November 22. For the members of a couple of generations, at least, I don’t have to say or write anything else. You know. The date and the event are etched in your mind. If you were sentient in 1963 the moment when you heard the news is so solidly etched in your memory that you can recall every detail—the cast of the light through the window, the muffled sobs or wails, even the smell of that autumn day 58 years ago.
November 22, 1963 was, of course, the day President John F. Kennedy was shot while passing the Texas School Book Depository Building in Dallas, Texas in an open car with his young wife, resplendent in pink, sitting beside him.Moments before the shooting in Dallas President Kennedy and his fashionable wife Jaqueline ride in an open limousine behind Texas Governor John Connolly and his wife.
I am not going to relate the details. You know them. Nor am I going to sort out the 1,354 various conspiracy theories which have been put forward. Most of them are ridiculous. Some are compelling. The official Warren Commission Report was as full of holes as Swiss cheese and the Congressional investigations since then have at best given us a glimpse “trough a glass darkly.” The absolute truth, if any such thing is possible to know, will probably always elude us.In one of the most memorable moments in television history Walter Cronkite removed his glasses and delivered the somber news that the President had died. Many who had rushed home from work or school saw it live.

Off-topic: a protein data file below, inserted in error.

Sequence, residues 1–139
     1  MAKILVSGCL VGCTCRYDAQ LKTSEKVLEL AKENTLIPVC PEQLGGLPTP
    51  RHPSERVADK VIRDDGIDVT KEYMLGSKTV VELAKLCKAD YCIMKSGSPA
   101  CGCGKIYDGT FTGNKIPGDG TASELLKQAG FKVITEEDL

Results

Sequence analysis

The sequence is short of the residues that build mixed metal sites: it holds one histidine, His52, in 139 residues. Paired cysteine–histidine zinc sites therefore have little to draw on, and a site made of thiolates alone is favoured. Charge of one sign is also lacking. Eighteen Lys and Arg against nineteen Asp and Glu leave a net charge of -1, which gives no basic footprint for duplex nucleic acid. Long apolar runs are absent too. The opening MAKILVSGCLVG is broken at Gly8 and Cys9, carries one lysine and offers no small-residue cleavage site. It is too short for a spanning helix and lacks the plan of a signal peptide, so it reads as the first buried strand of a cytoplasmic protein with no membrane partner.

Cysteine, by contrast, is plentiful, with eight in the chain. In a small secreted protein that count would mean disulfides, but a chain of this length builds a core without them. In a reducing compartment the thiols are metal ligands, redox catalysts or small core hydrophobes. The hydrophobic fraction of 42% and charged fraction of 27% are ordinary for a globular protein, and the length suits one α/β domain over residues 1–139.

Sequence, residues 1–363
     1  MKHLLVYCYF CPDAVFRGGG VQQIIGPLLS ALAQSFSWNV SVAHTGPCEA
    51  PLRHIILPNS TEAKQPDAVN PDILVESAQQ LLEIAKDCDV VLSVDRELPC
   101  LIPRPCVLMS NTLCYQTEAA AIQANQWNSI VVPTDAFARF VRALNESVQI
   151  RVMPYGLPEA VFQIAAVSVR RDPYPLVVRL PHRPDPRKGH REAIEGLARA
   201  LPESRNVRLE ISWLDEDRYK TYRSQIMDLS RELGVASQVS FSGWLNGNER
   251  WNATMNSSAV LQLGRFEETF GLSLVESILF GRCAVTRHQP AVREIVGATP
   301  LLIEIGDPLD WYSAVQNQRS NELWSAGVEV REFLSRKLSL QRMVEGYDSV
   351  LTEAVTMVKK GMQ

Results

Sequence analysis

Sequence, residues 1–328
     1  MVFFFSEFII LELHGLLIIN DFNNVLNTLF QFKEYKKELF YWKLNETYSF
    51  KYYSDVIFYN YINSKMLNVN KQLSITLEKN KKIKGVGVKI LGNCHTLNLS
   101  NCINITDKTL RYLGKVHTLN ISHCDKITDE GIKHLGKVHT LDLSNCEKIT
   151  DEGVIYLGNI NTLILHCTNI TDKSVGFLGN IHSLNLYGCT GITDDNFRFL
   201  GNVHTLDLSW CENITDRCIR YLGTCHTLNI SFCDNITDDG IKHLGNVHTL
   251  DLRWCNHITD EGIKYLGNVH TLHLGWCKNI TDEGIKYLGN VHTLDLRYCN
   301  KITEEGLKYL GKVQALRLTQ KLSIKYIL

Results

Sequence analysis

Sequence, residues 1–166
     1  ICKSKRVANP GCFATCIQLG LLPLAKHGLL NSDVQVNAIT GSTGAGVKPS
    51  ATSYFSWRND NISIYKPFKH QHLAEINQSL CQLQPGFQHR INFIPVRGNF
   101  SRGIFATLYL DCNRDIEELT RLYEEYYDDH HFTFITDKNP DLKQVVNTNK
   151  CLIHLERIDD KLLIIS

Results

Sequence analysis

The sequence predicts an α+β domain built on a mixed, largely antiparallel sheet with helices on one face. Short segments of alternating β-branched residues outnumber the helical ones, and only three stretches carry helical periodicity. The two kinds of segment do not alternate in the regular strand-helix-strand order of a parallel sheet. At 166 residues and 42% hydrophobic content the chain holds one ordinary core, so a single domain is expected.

It is enough to know that a young President, in whom many of us had invested great hope, was killed because some vague they wanted him dead and that hope, merited or not by the flawed individual, crushed.
It is the stuff of legend. Two hundred years from now operas, epic poems, or whatever form that heroic art takes shape in then, will imbue the events with magic and dignity.
Yet right now, this is still peculiarly our day, it owns us inescapably.Many families rushed to buy the special hard bound Kennedy Memorial Life Magazine edition that included photos of the funeral and kept it for years as a special remembrance.
But for my grown children it is only a historical event. Their stomachs do not flip with the remembrance. They acknowledge it without understanding it the way we acknowledged December 7, 1941—the central stark moment in our parents’ lives. For them September 11, 2001 was the pivot of history.
And for my grandchildren…well it is just another day on the walk-up to Thanksgiving. They hardly know who John Kennedy was. They never heard of Lee Harvey Oswald. If reminded, they may grunt a foggy awareness. But it is no more real to them than the Peloponnesian Wars.